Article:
STATE WIDE-- People who own businesses in Indiana are having a tough time because of the state-wide shut down.
But, they also expect to continue to have a hard time, even after the stay at home order is over, says a new survey conducted by the Indiana Chamber of Commerce. The majority want to get back open as soon as possible.
"Businesses and employees in Indiana are hurting as they are around the country, and the survey reinforces the importance of resuming business activity as soon as possible and as safely as possible," said Kevin Brinegar, president and CEO of the Indiana Chamber. "That's obviously a delicate balance.
The survey, called "Indiana's Road to Economic Recovery", was conducted from throughout mid-April, and included responses from 1,400 business leaders and owners. You can see the survey results and recommendations at www.Indianachamber.com .
The surveyors asked business owners to rate their level of damage from the shut down.
"A significant number responded 9 or 10, 10 being total devastation," said Brinegar. "The biggest effects so far: revenue loss. Eighty percent of them cited that. Cash flow concerns, over half; suspended operations and employee layoffs."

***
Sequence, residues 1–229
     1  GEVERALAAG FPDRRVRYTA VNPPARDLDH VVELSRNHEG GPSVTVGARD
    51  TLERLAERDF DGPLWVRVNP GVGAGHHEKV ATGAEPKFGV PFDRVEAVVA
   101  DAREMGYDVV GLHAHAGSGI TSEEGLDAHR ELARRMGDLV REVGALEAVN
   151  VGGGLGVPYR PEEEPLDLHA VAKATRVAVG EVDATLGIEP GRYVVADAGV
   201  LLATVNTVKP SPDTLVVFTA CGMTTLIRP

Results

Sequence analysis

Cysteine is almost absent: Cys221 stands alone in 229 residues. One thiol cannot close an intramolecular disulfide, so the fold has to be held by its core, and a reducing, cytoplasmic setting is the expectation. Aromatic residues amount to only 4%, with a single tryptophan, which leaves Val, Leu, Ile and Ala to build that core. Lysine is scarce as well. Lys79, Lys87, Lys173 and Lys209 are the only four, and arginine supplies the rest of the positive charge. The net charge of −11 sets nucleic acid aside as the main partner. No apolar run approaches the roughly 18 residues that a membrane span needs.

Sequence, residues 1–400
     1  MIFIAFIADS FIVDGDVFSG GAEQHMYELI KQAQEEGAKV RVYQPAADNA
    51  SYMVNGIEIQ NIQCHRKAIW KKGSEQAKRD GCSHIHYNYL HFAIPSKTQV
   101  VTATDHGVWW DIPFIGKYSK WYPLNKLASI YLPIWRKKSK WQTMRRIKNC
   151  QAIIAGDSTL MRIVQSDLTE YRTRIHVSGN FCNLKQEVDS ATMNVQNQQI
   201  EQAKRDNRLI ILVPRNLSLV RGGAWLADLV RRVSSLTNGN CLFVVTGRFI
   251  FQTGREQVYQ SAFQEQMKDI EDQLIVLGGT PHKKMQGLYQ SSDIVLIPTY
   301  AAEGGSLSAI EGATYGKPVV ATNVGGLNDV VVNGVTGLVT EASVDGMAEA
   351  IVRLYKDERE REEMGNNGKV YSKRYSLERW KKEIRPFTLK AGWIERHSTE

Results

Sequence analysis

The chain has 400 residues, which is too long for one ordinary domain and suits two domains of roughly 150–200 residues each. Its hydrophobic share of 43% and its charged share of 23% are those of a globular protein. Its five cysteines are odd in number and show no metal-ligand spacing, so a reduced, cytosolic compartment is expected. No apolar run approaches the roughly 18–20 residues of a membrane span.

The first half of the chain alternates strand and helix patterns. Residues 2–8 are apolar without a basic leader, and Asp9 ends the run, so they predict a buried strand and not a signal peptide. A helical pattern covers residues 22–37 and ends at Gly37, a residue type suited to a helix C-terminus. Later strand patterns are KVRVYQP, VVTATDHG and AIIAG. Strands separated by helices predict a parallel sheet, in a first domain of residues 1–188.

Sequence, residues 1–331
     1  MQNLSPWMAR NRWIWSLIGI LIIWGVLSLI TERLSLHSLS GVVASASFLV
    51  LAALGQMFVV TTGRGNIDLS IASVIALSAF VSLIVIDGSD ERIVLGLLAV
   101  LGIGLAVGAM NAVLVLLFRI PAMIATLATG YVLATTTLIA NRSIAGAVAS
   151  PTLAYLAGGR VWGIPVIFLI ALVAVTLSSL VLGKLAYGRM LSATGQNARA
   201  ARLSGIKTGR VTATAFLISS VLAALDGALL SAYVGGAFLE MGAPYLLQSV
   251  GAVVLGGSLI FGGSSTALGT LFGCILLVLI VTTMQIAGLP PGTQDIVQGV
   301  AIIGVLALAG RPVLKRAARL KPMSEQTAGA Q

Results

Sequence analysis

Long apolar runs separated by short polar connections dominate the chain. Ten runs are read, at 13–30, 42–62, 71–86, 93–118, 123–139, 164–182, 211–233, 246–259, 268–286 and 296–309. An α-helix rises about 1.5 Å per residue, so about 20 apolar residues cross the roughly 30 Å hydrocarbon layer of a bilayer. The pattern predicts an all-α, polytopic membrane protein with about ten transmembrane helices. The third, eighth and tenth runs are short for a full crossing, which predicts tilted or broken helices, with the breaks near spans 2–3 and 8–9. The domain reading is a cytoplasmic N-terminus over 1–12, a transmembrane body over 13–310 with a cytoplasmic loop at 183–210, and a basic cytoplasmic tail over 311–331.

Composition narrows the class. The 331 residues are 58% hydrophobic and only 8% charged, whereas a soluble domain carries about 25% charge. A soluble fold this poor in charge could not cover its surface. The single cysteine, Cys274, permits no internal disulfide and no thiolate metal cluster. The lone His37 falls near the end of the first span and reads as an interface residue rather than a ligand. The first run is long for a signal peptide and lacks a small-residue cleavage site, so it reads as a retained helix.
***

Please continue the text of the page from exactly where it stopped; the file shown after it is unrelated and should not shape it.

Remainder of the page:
While business owners do want to get back to work, Brinegar said safety is still heavy on their minds.
"Thirty-three percent said that the economy should re-open after May 1. An equal number said that the economy should re-open after more widespread testing has taken place." Brinegar said he has spoken with the governor's office and that widespread testing is one of their focuses.
"Businesses are saying and other experts are saying that widespread testing is really the key to re-opening the economy," said Brinegar, noting the the governor's plan includes efforts to test as many people as possible.
"They want to be able ideally to test every employee as they come back to work, before they're even allowed into the facility."
He said businesses also want some level of legal protection, including immunity from some types of lawsuits.
"Employers need to be protected from lawsuits alleging that employees or customers contracted the virus in that place of work, when, in fact, there's no way to verify that."
Brinegar acknowledged that such protections would require legislative action, and that the state is not currently looking at the possibility of a special session. The legislature meets again in January.